LEED Plaque Gets a Makeover

09/01/2014 |

Interactive display promotes ongoing improvements

The familiar LEED plaque is giving way to a new dashboard display. The LEED Dynamic Plaque encourages continuous improvement by providing real-time updates about a facility’s performance. PHOTO CREDIT: IDEO

Whether etched in glass, stone, or metal, the LEED Plaque has always stood as a reminder of a building’s deliberate pursuit of sustainability. Yet these markers remain static, pointing to a fixed moment in time when certification was achieved. To motivate facility managers to continuously improve their green performance, USGBC has launched the LEED Dynamic Plaque.

This intelligent dashboard displays real-time measurements that promote awareness of a facility’s environmental integrity. Available to all buildings certified under any LEED rating system and version, the plaque interfaces with your BAS to update your performance score.

Scot Horst, senior vice president of LEED for USGBC, provides an overview of this new offering.

What drove the change behind the new display?

Horst: It is based on a recognition that buildings are like organisms. Your building is alive, and therefore certification should reflect that life and be ongoing.

The LEED Dynamic Plaque is a platform that makes certification a journey. It’s a beautiful and functional tool that makes monitoring building performance and ongoing LEED certification inspiring, enjoyable, and actionable.

How is the LEED Dynamic Plaque beneficial for facility managers?

Horst: The plaque helps FMs see how they are doing through a LEED performance score. They don’t need to prepare a report to show whether this month is better than last month or analyze how they are doing related to their peers –the LEED Dynamic Plaque takes care of that.

It then makes the invisible actionable by showing when improvement occurs, when it is not occurring, or even when performance is getting worse. If you’re all of a sudden using more water, for example, you will be able to see it and then do something about it.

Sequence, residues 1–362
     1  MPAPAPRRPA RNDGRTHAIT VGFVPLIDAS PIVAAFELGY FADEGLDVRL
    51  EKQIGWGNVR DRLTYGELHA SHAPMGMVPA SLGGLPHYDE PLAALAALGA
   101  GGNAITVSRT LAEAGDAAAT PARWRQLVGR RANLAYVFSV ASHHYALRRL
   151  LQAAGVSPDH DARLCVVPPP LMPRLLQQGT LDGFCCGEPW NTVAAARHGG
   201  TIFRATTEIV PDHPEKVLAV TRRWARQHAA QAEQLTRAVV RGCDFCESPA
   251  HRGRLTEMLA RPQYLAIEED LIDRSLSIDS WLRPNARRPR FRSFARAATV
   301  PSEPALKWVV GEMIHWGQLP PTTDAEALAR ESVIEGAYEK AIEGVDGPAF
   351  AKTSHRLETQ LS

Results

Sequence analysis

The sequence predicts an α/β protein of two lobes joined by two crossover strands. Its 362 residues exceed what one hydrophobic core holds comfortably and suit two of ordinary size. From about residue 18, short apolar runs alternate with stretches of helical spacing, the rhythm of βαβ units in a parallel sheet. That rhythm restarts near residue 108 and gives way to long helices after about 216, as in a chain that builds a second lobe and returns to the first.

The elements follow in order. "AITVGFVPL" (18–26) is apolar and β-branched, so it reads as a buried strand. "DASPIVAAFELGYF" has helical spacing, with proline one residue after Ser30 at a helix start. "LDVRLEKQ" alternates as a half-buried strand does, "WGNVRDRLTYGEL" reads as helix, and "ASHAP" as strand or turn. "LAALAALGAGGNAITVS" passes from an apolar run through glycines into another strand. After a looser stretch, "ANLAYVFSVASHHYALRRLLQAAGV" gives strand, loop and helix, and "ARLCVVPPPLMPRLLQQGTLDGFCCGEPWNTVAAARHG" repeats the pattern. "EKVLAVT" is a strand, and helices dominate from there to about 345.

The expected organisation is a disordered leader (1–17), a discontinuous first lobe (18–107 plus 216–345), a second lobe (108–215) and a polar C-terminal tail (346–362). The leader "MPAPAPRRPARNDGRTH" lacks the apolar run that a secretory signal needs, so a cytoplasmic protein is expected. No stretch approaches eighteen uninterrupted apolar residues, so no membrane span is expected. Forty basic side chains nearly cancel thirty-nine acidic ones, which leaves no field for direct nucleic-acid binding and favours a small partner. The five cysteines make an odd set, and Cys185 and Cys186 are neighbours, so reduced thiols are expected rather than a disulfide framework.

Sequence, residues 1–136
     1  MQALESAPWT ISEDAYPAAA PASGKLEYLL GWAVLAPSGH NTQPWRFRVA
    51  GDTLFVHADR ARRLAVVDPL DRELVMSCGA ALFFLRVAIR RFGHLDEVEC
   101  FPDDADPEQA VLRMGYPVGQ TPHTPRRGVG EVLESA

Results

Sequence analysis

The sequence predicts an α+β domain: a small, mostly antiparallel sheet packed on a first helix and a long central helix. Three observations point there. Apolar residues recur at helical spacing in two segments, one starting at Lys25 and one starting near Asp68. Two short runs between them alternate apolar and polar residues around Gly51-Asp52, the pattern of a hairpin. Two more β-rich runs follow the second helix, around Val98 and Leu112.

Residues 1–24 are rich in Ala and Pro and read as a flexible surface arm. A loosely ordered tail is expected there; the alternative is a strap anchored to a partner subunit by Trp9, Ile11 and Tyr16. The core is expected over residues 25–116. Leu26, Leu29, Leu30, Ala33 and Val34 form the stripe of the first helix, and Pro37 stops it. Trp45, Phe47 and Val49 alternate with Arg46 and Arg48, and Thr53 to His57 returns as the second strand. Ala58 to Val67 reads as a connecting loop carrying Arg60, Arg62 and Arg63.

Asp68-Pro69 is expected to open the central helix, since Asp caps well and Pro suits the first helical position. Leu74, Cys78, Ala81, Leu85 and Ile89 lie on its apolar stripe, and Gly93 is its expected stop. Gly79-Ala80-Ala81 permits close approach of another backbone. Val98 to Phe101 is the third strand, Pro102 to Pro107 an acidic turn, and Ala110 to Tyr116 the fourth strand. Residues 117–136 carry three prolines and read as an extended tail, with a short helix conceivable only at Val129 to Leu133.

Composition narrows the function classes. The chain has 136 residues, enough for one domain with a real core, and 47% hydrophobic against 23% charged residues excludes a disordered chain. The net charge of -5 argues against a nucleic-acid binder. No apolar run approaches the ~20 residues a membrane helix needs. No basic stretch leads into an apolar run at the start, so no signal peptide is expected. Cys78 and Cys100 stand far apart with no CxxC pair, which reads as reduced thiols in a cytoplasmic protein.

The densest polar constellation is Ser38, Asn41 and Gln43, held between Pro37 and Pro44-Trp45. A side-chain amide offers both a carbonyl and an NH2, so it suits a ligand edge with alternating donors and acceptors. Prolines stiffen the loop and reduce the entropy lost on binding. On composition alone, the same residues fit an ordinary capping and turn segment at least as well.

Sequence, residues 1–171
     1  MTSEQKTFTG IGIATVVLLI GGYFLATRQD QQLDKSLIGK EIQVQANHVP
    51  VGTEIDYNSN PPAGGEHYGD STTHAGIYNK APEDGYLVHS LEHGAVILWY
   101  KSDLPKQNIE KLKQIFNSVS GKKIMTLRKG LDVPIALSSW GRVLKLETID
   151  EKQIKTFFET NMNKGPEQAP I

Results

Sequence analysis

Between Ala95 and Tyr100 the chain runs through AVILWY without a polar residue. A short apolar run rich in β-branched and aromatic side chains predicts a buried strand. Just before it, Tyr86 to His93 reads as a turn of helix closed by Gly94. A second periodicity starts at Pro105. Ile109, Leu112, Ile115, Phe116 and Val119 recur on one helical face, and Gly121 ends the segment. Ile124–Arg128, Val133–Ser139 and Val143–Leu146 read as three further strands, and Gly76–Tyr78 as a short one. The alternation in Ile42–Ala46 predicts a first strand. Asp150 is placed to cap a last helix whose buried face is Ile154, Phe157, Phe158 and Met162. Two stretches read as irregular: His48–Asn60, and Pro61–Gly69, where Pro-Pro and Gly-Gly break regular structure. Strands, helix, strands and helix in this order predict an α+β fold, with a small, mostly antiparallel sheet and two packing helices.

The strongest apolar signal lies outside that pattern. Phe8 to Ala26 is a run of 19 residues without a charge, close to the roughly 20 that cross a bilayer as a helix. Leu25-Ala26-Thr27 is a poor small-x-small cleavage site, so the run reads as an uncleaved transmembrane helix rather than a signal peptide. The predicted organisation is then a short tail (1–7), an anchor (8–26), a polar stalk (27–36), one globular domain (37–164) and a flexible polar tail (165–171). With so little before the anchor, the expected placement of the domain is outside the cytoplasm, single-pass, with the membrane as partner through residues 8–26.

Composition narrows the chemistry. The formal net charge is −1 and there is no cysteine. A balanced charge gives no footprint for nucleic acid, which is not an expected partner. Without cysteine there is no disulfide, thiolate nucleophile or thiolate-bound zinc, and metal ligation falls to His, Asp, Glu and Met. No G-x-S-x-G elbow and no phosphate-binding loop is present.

The second benefit is feedback. The plaque’s human experience score is powered by surveys that building occupants regularly complete. This formalized feedback mechanism makes it easier than ever for facility managers to tap into what the people inside the building are experiencing. These insights allow FMs to make strategic adjustments and find solutions that benefit people, planet, and profit.

Lastly, I’m very proud of the back-end software. It is built to integrate with other building management systems, which allows us to automate data feeds to the plaque’s performance score. The data can also be entered manually.

Essentially, the score makes sense out of a complicated amount of building data and allows the facility manager to know how things are going without having to do a lot of analysis.

How might continuous scoring change the way a building is managed?

Horst: The LEED Dynamic Plaque and its performance score allow for fair comparisons of buildings in energy, water, waste, transportation, and human experience.

The performance score facilitates constant improvement and awareness, enabling management to know when attention is needed to improve the score and progress in incremental ways. The LEED Dynamic Plaque is about accountability –that’s a powerful concept. If something isn’t working right, you can’t ignore it yet expect your score to improve.

There’s also an element of fun that comes from the opportunity to celebrate an all-time high performance score or the desire to improve a lower-than-normal score.

The LEED Dynamic Plaque rewards positive actions and improvements, which saves precious resources and money, and optimizes buildings for the people inside of them.

Related Coverage

antalya escort
escort antalya
xxx movies ladyhammer casino
18 film izle
ankara escort
replica watches
istanbul escort
British Shorthair Cat
manavgat eskort